A manager whose hedge fund earns $50 million a year, for example, would be paying some $19.8 million in taxes, or 39.6 percent, under the current rules. That could drop to as little as $7.5 million if the rate were cut to 15 percent.

To be sure, Trump’s plan has a long, hard road to becoming reality, but that didn’t stop fund managers from blitzing their tax lawyers with calls about how to play it. Most attorneys advised patience, saying they would need to wait at least until early June, when a bill with more specific language might be hammered out.

Bottom line

Fed, wary of inflation, could lean against Trump tax cut

The plan, if approved in the form Trump officials outlined on Wednesday, could add inflationary fuel to an economy already running near full capacity, a risk Federal Reserve officials have been warning about since Trump got elected.

Confronted with the prospect of massive cuts that would slash the corporate tax rate to 15 percent from 35 percent and overhaul the personal tax code, Fed officials will need to start debating if they can maintain a measured pace of rate hikes or they might need to move faster, say analysts and economists who follow the U.S. central bank.

The Fed aims to hold inflation at around 2 percent, and is close to that threshold, with its target short term rate expected to rise two more times, to about 1.5 percentage points, by the end of the year.

Uncertainty as to whether and in what shape the plan will get implemented adds to other challenges the Fed faces in trying to chart its course over the next several months.

Companies cheer Trump tax cuts, but jobs are less certain to follow

U.S. businesses would reap a windfall if President Donald Trump’s plan to cut corporate tax rates and slash taxes on cash parked overseas becomes law, but it was unclear whether they would stimulate a surge in investment and job creation in return.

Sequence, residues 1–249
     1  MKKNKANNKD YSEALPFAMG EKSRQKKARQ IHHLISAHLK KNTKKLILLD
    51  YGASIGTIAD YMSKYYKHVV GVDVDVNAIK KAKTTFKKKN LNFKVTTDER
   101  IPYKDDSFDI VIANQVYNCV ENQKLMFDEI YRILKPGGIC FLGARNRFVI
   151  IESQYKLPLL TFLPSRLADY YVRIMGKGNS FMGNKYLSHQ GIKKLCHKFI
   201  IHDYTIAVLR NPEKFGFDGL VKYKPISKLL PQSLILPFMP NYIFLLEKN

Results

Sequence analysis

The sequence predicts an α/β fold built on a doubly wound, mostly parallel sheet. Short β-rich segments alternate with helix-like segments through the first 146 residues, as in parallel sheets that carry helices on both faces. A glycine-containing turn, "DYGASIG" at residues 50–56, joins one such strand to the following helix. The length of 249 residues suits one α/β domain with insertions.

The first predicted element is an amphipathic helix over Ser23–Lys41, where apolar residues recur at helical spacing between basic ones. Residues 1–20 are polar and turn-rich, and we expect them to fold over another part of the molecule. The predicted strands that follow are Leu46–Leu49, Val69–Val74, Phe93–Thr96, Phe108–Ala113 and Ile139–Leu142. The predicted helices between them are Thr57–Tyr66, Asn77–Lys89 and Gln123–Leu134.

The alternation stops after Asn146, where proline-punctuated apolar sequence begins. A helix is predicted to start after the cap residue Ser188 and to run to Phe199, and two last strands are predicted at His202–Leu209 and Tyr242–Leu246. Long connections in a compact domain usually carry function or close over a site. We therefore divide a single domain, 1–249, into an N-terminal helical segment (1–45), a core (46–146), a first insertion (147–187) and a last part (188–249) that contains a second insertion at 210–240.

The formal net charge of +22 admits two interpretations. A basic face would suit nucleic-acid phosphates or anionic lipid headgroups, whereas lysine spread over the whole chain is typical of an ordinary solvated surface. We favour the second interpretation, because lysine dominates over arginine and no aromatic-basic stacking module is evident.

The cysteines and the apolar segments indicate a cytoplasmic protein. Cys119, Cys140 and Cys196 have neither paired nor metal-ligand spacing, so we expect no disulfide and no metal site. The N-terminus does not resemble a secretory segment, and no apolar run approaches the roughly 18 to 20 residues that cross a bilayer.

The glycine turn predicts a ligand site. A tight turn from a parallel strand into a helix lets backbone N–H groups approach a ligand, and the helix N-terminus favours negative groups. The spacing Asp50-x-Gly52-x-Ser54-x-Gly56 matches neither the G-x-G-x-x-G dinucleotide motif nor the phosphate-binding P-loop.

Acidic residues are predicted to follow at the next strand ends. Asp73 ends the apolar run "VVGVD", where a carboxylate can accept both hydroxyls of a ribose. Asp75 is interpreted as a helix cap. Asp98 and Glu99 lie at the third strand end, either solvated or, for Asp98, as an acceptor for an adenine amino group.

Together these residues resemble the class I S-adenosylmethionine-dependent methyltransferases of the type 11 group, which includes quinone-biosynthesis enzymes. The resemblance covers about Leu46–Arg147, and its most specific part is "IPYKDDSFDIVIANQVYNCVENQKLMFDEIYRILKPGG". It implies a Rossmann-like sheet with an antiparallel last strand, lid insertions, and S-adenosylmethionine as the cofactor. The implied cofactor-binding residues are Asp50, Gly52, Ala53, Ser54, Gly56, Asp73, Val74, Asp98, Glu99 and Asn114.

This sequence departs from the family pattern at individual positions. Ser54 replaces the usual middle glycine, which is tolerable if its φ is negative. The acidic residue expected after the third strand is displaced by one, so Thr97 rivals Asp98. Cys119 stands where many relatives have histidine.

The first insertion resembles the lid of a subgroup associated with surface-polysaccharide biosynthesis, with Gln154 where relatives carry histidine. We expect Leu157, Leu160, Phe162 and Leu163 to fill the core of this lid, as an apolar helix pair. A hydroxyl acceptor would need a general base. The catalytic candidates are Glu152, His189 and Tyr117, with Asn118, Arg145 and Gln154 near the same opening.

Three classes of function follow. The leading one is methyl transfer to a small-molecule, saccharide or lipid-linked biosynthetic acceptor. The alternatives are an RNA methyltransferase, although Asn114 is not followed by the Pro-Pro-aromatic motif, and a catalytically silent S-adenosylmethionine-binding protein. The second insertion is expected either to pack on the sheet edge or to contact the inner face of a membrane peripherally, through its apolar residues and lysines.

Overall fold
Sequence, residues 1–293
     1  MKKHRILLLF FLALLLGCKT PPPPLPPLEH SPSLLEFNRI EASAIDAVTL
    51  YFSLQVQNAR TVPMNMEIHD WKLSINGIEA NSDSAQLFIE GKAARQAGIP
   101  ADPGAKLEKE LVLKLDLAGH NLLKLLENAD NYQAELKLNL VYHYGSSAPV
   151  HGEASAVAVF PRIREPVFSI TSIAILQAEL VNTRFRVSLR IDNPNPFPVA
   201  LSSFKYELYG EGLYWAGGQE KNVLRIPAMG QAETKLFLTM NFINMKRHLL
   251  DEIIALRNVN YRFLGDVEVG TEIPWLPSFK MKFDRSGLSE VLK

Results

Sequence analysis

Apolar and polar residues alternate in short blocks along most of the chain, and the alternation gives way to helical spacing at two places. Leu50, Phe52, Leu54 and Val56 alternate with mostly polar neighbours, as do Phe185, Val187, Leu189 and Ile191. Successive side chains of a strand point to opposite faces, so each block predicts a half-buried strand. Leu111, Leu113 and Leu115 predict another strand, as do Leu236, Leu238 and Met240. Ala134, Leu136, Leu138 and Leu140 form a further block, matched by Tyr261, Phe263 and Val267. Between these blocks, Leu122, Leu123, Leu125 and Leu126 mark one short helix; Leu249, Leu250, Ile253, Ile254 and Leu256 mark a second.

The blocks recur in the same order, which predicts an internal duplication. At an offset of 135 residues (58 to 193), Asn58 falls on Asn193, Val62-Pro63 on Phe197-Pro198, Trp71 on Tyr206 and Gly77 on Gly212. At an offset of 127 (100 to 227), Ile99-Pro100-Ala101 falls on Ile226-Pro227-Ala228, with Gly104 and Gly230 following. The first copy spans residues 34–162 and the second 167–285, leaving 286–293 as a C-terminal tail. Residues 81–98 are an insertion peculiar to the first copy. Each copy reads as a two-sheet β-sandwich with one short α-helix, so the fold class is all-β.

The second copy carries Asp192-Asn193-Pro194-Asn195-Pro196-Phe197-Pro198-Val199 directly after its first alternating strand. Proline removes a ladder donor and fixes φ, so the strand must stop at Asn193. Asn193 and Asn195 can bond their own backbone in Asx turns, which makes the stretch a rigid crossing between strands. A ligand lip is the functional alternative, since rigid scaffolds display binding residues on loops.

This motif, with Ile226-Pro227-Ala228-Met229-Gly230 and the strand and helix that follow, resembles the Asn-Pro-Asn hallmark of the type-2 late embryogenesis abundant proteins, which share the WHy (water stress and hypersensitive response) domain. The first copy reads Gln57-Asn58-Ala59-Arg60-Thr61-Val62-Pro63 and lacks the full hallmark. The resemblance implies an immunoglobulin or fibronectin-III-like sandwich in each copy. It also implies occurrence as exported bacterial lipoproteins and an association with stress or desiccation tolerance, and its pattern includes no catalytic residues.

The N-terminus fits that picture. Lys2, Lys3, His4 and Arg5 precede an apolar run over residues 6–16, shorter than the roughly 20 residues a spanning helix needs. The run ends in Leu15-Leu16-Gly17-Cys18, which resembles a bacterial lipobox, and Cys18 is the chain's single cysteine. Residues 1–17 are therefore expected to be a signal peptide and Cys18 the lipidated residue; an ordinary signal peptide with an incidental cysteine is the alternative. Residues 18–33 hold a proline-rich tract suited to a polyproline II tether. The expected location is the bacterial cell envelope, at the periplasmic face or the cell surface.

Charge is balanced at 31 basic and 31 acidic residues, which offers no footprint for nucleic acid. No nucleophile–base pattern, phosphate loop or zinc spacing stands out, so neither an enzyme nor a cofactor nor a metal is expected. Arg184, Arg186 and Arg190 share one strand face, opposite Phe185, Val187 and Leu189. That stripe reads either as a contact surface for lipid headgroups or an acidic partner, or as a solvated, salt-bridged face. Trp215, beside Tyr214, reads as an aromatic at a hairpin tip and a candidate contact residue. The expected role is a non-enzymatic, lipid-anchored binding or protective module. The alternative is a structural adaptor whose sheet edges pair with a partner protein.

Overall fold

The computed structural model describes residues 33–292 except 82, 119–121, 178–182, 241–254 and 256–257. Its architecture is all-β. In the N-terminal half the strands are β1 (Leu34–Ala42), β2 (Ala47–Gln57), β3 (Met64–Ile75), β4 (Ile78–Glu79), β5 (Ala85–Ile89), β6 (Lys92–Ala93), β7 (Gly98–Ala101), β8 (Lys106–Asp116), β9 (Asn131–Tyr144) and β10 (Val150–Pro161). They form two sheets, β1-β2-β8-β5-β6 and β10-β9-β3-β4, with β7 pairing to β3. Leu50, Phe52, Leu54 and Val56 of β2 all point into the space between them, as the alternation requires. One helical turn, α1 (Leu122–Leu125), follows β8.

Under Trump’s proposals, American companies would move from being the most highly taxed among the Group of 20 countries to among the lowest. Tax rates would fall below those of neighboring Mexico and Canada, which Trump has accused of shortchanging the United States in trade deals.

Corporate leaders and business lobbying groups such as the U.S. Chamber of Commerce on Wednesday cheered the administration’s tax proposals, while allowing that the initial one-page plan left out crucial details.

The tax plan, which includes a cut in taxes on public companies to 15 percent from 35 percent, does not detail cuts in spending that would help keep the budget deficit under control.

A Mixed Bag

The financial impact of the White House tax plan will vary widely by company and business sector. A proposal to cut inheritance taxes, for example, is of high interest to auto dealers, which are often family-controlled enterprises.

Many companies already pay less than the headline 35 percent tax rate. Companies in the S&P 500 index paid an average tax rate of 29.06 percent for 2016, Standard and Poors said.

While the tax cuts may produce a short-term boost to the economy and add fuel to a stock market rally, it falls short of the comprehensive tax reform that Trump had pledged earlier.

Last but not least

The No. 2 Democrat in the Senate, Dick Durbin, attacked the tax proposal and the fact Trump, a wealthy New York real estate developer, had declined to make public his personal tax returns.

“President Trump should release his own tax returns if he wants to have any credibility in a debate about America’s tax code,” Durbin said. Mnuchin said on Wednesday that Trump did not intend to release his tax returns.


Understanding Trump Tax Cuts Program Pro & Cons: how could President Donald Trump’s plan to slash business and household taxes shift the U.S. economy?